I recently took her to see "The Perks of Being a Wallflower."  I would not have taken the average 11 year old girl to see this movie, but Maddie is mature and informed for her age.  Part of that is my fault, she asks about my work sometimes and I tell her.  Not everything, but enough to have her understand and be able to process some pretty heavy themes. She's a very open-minded girl and would never dream of treating anyone differently because of their color, wealth, sexual orientation, or religion.  She's an incredibly sensitive girl, and is the one her friends go to with their troubles. Anyhow... I absolutely loved the film, and at one point it occurred to me that maybe I shouldn't let her know how much it meant to ME.  Because my adolescence is long gone, and while I look back with a combination of nostalgia and horror, she still has all of this in front of her.  It might not be cool to love something that her mom liked so so SO much.  So I toned it down.  I read the book, and she's reading it now.  I want her to understand that everyone feels alone at one time or another when they're teenagers.  Maybe it's more like a lot of the time, or the majority of the time for many. As hard as it is to be a teenager, everyone has to keep plowing through and they'll survive it.  I want her to know that in the process of surviving adolescence, there will be amazing moments with friends, music that hits her at exactly the right time,  laughter that will make her stomach hurt, and priceless experiences that she will never, ever forget.

Important fact to point out...I am NOT my daughter's "friend".  I am her mother, 100%.  However, I laugh when she's funny, which is often.  I like talking to her about music and books and patiently listen to her talk about girl drama and crushes.  She enjoys laughing with/at me when I dance in her room and pretends to be horrified when she's just secretly just impressed and doesn't want to admit it.  Okay, maybe she's really mortified when I try to do Gangnam Style, but I truly enjoy myself!  And if I may, I recently schooled both of my children on Just Dance 4, and I have proof! This was a text to her cousin, and this was the biggest compliment EVER.  I was revered for about a half an hour, and it was worth the heart attack I nearly had as a result.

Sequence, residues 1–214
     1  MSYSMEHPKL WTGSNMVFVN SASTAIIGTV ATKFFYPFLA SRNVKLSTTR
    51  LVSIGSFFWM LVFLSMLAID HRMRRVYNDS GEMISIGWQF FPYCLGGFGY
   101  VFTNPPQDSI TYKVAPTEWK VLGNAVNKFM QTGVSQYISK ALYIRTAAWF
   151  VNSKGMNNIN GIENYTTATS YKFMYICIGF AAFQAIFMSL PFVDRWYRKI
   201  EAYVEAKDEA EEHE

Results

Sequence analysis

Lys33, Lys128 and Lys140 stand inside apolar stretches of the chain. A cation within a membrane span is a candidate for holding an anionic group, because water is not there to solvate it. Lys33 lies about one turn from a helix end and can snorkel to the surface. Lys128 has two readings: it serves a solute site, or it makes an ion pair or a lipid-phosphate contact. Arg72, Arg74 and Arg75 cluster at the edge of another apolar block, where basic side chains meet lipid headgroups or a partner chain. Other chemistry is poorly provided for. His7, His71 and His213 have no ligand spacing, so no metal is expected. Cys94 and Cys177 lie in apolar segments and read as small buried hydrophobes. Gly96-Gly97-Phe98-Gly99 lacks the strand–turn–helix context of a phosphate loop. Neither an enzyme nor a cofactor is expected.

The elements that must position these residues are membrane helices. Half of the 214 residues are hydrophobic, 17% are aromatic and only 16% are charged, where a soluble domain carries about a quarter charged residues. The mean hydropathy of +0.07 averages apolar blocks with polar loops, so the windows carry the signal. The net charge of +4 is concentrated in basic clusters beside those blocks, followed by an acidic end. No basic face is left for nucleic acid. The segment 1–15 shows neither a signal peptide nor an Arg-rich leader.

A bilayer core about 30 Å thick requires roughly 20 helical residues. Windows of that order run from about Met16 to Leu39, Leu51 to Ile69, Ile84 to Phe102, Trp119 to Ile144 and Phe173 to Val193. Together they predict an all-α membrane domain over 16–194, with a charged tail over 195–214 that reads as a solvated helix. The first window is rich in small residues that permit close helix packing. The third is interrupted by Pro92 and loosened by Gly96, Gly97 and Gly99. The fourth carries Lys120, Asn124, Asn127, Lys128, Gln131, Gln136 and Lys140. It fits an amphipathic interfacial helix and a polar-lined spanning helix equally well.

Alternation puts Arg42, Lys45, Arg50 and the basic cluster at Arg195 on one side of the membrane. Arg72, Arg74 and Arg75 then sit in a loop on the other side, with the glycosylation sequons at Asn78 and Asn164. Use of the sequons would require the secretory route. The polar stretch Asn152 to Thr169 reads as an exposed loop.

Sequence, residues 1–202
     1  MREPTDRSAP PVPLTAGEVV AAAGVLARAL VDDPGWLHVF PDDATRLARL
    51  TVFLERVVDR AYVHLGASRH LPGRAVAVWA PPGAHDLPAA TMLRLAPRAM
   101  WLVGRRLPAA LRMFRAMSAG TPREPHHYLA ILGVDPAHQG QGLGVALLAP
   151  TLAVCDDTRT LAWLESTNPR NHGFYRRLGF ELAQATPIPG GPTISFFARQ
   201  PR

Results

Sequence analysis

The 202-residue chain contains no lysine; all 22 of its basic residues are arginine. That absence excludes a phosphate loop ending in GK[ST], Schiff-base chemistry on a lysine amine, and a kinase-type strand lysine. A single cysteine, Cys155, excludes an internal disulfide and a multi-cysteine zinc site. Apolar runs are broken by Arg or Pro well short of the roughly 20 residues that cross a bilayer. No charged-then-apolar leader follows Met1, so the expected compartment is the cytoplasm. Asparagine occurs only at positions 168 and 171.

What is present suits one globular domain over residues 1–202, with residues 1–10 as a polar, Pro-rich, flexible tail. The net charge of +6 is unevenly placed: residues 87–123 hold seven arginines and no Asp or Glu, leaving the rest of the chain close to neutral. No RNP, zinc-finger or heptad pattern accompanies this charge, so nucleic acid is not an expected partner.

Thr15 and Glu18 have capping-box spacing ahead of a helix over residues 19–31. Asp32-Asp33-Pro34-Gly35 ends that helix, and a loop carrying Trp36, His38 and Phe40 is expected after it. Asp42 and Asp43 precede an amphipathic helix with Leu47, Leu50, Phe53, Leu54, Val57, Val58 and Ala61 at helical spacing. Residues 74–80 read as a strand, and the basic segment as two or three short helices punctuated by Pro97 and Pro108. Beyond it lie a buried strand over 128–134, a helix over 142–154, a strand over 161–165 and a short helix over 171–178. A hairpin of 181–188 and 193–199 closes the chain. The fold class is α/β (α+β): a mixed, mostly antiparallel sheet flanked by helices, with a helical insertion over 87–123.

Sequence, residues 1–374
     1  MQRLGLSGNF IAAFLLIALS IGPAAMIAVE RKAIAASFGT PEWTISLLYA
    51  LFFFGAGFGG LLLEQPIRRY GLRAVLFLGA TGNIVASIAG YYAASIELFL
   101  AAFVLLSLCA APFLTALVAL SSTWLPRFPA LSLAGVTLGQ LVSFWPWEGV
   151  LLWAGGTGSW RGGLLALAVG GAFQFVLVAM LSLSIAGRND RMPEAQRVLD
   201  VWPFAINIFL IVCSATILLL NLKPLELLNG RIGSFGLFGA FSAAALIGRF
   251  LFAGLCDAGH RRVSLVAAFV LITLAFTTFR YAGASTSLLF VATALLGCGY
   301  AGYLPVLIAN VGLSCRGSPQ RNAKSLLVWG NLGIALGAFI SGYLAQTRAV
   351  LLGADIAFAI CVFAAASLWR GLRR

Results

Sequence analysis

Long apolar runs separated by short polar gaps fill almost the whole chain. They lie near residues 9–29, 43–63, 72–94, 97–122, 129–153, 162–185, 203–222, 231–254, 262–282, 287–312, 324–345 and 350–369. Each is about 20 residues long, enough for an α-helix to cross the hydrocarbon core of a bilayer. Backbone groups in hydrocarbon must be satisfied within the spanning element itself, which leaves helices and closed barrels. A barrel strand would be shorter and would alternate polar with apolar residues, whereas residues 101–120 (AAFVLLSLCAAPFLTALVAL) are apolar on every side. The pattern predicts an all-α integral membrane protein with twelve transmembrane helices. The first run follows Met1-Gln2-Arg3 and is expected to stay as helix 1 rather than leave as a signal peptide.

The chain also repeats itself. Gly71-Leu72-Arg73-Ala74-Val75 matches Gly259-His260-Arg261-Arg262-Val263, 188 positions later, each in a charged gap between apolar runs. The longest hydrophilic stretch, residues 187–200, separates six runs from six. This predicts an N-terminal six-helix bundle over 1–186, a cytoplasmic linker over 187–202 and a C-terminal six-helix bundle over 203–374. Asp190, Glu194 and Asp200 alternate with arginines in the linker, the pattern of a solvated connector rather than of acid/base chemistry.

She has yet to attempt to walk out the door in anything inappropriate, but believe me when I tell you that noise will get SHUT down immediately.  She can't date. That sounds rational and normal, I realize, but she has friends in 6th grade who are "dating", and while it can only be so serious, these kids are getting far further along in the courting world than I would be willing to even entertain. My daughter is going to be good at getting into some trouble, the writing is on the wall.  So it's my job to keep her involved and busy in things she loves.  Anyone know of a really awesome advanced art class anywhere nearby?

There are non-negotiables.  No mean children are allowed to live in our house.  Kindness is a requirement, as is thinking about people who have less than we do, and trying to help when we have an opportunity. Disrespect doesn't fly for a moment, nor do shoddy grades that stem from indifference. They are required to be kind, caring, respectful, and hard workers.

I don't think that I'm all that unique, it's just been on my mind a lot lately. I'd consider us close, but I still lose it.  Make no mistake, the following phrases are often heard yelled in my house.  By me.  "Pick up your towel!  Can you please take the trash out, I don't want to ask you a third time!  Are there any dishes out by the computer?? You cleaned your room, do you SERIOUSLY think you cleaned this?? Maddie?  Maddie?!! MADDIE!!!! There is NO WAY you didn't just hear me calling you!"  As the weeks march on, these "requests" are met with deep sighs and rolled eyes, which are par for the course.  I have to keep reminding Mike that it's normal.  It's not acceptable, but it's ALL kinds of normal and sometimes we have to let an eye roll go by unchecked.  There are about 47,832 waiting for us, might as well wait for the big ones.

I need to stay very well-acquainted with this little person.  I see glimpses of me in her, although she is far more confident.  Pretty soon I may be receiving texts that are banishing me from her room, her feelings, her life.  Until that happens, I will remain available, incredibly proud, and constantly on her case.  Cheers to the next decade!